A High Speed Oscilloscope Comparison


I tested three high-speed oscilloscopes regarding noise, speed, remote control and SCPI programming, handling and look and feel. This is no full product review, of course, but you can see quite some differences between the units.

The test candidates were:

  • Keysight MSOS 8.4GHz
  • Rohde & Schwarz RTO2000 6GHz
  • Tek MSO4104

More details of the tests can be seen here:

Click here to see a High Speed Oscilloscope Comparison …

Battery Operated Power Supply Pages Completed


I now finished all three battery operated power supplies I needed for interference-free noise source testing.

We need a heater power supply (a few Volts max, up to 2A), an anode power supply (120V, max. 40mA in extreme cases), and a power supply for lamp, transistor, diode or small LED noise sources (15V very clean, 100mA).

After buying shares from Duracell, Eveready, Maxell and many others (not serious) I started off with a 15V 100mA design. This worked beautifully (using 20 x AA batteries), and so I also did a high current one (2A, 4V max, constant current, running off 4 x D Cells), and, last not least, a high voltage part for 120V at 40mA max (22 x 9V Block plus 10 x AA).

Spectrum measurements under load showed that the use of batteries can provide you with power so clean that I found no line-driven equipment that was able to match this.

Click here to see some Battery Operated Power Supplies I made …

Use an ARB as an RF Generator for Lower Frequencies (-50MHz) ?

Dedicated RF generators tend to be expensive. A budget generator from RIGOL costs ca. 2k€ and works up to 1.5GHz only. Pro generators like Keysight EXG cost a few k€ depending on maximum frequency and options. What if you mainly work in the shortwave bands or at 6m ? Could you use a much cheaper arbitrary function generator as an RF generator replacement and get away with it ?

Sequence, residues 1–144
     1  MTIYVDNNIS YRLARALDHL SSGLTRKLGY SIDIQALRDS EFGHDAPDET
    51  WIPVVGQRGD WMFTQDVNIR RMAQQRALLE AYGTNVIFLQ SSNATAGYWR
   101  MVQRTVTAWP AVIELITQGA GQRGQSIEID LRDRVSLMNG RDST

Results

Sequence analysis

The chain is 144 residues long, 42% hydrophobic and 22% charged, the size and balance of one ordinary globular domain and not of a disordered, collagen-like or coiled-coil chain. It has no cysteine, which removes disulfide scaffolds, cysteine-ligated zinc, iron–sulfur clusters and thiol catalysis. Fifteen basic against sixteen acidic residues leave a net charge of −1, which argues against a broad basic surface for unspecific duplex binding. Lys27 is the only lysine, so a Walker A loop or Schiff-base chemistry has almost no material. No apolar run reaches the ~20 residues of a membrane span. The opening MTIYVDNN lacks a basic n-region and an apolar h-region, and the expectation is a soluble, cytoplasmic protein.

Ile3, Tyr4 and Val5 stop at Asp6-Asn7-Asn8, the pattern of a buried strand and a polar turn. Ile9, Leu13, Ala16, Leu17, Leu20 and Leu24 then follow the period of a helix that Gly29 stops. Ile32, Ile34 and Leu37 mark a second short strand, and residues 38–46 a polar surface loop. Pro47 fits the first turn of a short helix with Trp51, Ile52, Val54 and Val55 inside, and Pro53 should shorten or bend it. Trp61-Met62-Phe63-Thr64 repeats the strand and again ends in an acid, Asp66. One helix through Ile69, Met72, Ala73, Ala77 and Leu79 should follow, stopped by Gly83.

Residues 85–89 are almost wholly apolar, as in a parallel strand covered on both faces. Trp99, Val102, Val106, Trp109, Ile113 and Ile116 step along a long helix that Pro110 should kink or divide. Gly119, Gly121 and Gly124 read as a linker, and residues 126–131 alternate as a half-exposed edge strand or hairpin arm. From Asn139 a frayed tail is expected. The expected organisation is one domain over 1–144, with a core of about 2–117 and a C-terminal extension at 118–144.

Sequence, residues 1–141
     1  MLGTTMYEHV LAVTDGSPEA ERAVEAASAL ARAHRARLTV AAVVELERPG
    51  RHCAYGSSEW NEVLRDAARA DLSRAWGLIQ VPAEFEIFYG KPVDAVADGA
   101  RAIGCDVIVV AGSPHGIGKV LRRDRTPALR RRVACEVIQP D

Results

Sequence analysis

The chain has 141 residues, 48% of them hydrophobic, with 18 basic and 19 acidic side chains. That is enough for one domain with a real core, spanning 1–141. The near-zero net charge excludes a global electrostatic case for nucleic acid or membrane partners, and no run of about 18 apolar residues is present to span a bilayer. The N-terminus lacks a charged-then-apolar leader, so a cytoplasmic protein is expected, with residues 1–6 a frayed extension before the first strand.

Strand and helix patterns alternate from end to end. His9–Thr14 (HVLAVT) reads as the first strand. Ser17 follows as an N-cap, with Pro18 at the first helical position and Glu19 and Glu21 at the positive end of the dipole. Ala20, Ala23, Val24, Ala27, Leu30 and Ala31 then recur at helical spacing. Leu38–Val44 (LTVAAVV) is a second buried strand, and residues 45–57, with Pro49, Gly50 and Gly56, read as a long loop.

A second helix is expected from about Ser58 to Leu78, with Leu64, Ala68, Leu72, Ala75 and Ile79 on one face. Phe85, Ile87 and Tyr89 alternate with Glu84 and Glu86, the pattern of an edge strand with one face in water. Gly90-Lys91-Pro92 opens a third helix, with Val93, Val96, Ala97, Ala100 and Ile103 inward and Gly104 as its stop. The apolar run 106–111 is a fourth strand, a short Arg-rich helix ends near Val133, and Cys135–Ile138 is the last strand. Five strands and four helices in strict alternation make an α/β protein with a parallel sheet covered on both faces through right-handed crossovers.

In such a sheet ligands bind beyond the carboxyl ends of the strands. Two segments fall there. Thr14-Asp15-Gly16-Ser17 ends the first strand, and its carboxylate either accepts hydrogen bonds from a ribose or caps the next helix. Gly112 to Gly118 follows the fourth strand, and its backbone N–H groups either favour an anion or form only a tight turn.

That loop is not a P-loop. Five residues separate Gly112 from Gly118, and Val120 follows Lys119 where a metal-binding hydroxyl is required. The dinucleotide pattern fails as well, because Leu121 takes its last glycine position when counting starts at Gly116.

The answer is YES. Up to 50MHz, a cheap RIGOL DG1062Z beats much more expensive RF signal generators in many aspects:

  • analog modulation quality (a lot better)
  • spectral purity (also quite as good or better)
  • number of channels (2 instead of 1)
  • flexibility (you can generate any waveform)
  • price (3-4 times cheaper than a budget 1-channel RF signal generator).

I also tried a pro ARB with 240MHz maximum output frequency, with the result it could easily be used up to 200MHz with good results.

Click here to see an RF Signal Generator AM Modulation Quality Comparison, now including ARBs …






Some Updates to RF Switches, the 2D2S Noise Source and SWR Bridges


Not satisfied with the 2D2S noise source frequency limit and flatness, I designed a better tube mount. This works very well, being flat within ca. +/-0.2dB up to 200MHz instead of 50MHz, having better matching and better shielding, too.

Click here too see a Tube Noise Source using the 2D2S Tube (Updated) …


Trying to make RF switches that do not “spike” (i.e., injecting switching pulses into the RF sigtnal), I created a transformer based PIN diode switch that can also be used as a mixer or modulator. Spikes are gone, but there are some other areas to get rid of.

Click here to see some info about RF Switches …



The next little project I wanted to make was an SWR sensor to protect power amplifiers. I chose the Bruene Bridge circuit because of frequency range and quite good accuracy.

Click here to see some SWR Bridges …